As to this discussion, sieve trays are rarely used. When they are, the tray vendor designs them based on owner supplied process data.

 

Bobby



#18 PingPong

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Posted 08 May 2018 - 03:32 AM

Useless indeed.

 

Aspen states that:

"Weeping can start to occur on a tray when the dry hole pressure loss drops below 0.015 kPa."

They must be joking, 0.015 kPa is equal to only 1.5 mm water column, or say 2 mm hydrocarbon column.

That is absurdly low.

 

Another funny statement:

"weepFactor is an adjustable parameter enabling the user to adjust the weeping effect"

Great, and how is the user supposed to figure out what value to give it?

 

And this one:

"Note that Aspen HYSYS Dynamics assumes the liquid is present as clear liquid."

What is the use of a dynamic simulator that ignores that the fluid volume on the tray is about half vapor bubbles and only about half actual liquid?

 

Aspen is always good in claiming that they can calculate, model or predict just about everything, but if one could look behind their screen one would probably see that they are almost as clueless as most of their users.



#19 SANDEEPCH

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Posted 12 May 2018 - 09:17 AM

In the book 'Distillation Design' by Henry Kister 

 

In section 6.2.5. 'Factors affecting flooding'

 

It is written that Low pressure favors high vapor velocities and low liquid flow rates and therefore spray regime dispersions.

 

I can understand at low pressure density of vapor will go low and hence vapor velocity will be high. But How it will favor low liquid flow rate?

 

Also, In section 6.2.4 'Froth entrainment flooding'

 

It is written that ' At high liquid rates,cross flow of vapor in opposite direction to the liquid can build up froth near tray inlet and center. This channels more vapor to the tray outlet region, thus accelerating the cross flow.'

 

Please explain this phenomenon.

 

Thanks & Regards!

Sandeep



#20 PingPong

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Posted 12 May 2018 - 02:04 PM

6.2.5.

Low pressure means large column diameter, which means long outlet weir length. With liquid flow rate is meant: volumetric liquid flow divided by weir length, experessed in m3/h / m weir length or gpm / inch weir length. You can see such for example at x-axis of figure 6.15 and others, and in the text here and there.

 

6.2.4.

The liquid height on a tray is highest at tray inlet (downcomer exit) and lowest at tray outlet (weir).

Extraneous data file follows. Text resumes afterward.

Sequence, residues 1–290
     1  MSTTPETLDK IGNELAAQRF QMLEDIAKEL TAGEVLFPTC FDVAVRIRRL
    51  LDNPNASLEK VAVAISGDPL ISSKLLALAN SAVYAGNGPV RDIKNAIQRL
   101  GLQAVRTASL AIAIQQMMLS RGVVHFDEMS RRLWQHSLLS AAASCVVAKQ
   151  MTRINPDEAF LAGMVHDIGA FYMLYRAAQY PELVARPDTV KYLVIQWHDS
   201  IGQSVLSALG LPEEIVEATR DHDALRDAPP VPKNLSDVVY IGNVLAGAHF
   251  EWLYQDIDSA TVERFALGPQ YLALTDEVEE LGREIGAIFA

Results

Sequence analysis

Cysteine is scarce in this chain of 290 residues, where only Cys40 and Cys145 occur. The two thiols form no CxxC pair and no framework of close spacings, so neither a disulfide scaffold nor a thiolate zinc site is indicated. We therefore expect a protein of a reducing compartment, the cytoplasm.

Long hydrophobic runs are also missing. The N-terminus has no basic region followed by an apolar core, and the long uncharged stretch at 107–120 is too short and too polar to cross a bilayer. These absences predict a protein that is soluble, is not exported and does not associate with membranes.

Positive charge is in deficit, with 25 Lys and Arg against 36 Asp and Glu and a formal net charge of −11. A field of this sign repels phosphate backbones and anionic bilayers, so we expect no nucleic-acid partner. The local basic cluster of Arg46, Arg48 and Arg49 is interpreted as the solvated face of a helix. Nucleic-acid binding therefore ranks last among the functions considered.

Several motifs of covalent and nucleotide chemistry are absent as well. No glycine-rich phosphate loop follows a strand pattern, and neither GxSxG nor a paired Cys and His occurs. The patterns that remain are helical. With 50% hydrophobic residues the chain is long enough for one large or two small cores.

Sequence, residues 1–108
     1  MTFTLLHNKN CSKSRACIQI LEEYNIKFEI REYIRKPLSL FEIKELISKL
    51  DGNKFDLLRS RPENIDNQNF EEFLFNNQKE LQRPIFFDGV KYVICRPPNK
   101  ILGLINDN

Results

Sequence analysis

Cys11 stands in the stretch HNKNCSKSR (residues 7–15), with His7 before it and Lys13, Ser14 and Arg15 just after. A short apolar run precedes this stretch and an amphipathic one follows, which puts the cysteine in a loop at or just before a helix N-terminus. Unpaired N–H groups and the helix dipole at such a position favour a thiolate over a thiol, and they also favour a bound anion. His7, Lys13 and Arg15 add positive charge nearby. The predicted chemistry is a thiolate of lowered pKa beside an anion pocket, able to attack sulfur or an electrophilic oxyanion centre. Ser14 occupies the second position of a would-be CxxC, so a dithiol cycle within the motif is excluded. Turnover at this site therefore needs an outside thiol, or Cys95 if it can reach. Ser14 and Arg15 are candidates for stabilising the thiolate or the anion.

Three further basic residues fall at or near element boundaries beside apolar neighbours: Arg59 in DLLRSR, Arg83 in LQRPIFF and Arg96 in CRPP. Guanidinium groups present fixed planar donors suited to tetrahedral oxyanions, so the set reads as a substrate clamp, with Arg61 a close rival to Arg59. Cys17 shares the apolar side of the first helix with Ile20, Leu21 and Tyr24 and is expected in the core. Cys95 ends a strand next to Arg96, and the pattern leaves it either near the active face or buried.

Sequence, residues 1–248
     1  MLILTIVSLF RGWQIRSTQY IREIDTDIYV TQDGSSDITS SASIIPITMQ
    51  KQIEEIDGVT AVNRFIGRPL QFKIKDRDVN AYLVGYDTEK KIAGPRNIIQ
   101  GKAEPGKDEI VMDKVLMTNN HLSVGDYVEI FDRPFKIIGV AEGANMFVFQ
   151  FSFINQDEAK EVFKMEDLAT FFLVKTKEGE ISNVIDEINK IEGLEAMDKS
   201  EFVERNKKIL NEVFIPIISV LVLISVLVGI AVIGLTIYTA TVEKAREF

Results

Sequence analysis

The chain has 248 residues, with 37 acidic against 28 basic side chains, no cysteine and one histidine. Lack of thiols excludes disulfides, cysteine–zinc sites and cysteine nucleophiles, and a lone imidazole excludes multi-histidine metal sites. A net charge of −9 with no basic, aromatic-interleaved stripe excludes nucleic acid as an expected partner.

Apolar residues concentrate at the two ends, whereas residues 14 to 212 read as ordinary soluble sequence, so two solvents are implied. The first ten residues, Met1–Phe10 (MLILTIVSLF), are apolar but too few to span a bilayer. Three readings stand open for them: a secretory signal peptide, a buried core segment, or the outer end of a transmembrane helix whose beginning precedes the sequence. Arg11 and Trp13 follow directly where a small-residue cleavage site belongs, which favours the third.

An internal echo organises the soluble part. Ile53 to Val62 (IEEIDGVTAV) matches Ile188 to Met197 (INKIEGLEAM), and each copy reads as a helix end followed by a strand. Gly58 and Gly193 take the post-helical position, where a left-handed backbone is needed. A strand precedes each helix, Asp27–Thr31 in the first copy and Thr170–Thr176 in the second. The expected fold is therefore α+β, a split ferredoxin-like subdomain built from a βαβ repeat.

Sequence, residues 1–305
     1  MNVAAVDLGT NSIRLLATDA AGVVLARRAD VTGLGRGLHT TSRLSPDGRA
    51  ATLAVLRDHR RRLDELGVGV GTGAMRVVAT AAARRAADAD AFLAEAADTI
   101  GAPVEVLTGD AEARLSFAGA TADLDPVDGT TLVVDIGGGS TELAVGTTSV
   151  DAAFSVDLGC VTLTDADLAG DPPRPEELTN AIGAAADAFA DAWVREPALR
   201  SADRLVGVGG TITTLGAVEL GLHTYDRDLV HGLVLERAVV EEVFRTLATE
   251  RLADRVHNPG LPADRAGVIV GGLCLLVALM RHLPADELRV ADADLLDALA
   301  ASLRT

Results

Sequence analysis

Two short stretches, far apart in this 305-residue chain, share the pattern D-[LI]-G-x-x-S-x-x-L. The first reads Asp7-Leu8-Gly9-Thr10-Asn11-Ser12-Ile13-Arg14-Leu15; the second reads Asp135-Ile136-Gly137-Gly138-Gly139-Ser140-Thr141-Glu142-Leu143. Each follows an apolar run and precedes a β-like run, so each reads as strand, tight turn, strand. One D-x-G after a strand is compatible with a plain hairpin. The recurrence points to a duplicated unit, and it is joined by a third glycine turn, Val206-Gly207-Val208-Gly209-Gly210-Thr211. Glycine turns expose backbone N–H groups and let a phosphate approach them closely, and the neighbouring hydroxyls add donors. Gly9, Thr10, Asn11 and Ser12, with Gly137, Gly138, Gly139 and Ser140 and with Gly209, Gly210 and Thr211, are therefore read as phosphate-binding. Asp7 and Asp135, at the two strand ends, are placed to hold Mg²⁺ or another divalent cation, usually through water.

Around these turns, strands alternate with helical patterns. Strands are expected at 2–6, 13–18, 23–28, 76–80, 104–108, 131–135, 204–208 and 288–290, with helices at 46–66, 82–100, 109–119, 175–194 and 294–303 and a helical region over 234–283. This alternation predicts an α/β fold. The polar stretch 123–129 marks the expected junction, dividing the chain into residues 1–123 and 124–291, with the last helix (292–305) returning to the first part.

The vapor has some preference bubbling through less resistance.

Make a drawing of the side view of a couple of trays above each other, draw arrows for vapor and liquid flows and it should become clear.



#21 Lawless

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Posted 17 July 2019 - 06:30 AM

 

I have reattached the diagram

 

"at the tray floor, the static liquid head tends to force liquid down through the perforations. The vapor pressure drop counteracts the downward force and acts to keep liquid on the tray. Weeping take place when the liquid head on the tray exceeds the pressure drop that is holding the liquid on the tray."
 
Here vapor pressure drop stands for what? I asked this question to henry kister and He confirmed that it is dry pressure drop.
 
Now, my doubt was  why weeping will take place when the liquid head on tray exceeds the dry tray pressure drop? 
As below hole there will be always a higher pressure of vapor than the pressure at above the hole (i.e. on tray floor). [Higher by dry pressure drop]
 
For example in this attached diagram, dry pressure drop is x while liquid head is 2x. But still pressure below the hole is higher than pressure above the hole. That's why liquid should not weep through the hole. 
 
@PingPong - "Equation (6.31.a) of the socalled Fair's model is in my opinion wrong, as dry tray pressure drop hd is not what matters, and moreover the RHS is wrong because the liquid on the tray is aerated so its head is less than its height."
 
If  you do not agree with (6.31 a), then do you agree with (6.31 c) which include the aeration factor as f?
 
I thought I am doing very fundamental mistake, That's why I wanted to clarify my doubts.
 
Anyway Once again thanks to all of you !

 

Hi, Maybe Im beating the dead horse! but If I can just put in my two cents' worth <_< , I think there is something misleading in the sketch :ph34r: :huh:  ! when weeping/dumping happens, no more pressure above weeping tray will be 7 psig as normal condition. That is the reason during pressure survey of a column, if the pressure drop (pressure difference of top and bottom of a column) is too low, weeping/dumping can be the culprit! So, in your diagram, if we change pressure above the weeping tray to 11(because 4 psig hydraulic pressure drop no more happens when vapor can not pass through the liquid inventory on the tray because of weeping!), then it makes sense that liquid from above tray pours on lower tray! If you are worry that where that vapor flow goes, there are two ways: This low vapor flow passes through only part of the holes that not weeping and/or through the Downcomer when liquid level on the trays is not enough to seal it. In fact, The only obstacle that keeps the liquid on a tray, is the force of up going vapor through the holes. This force comes from dry pressure drop! ;) what do you think? :rolleyes:


Edited by Lawless, 17 July 2019 - 06:37 AM.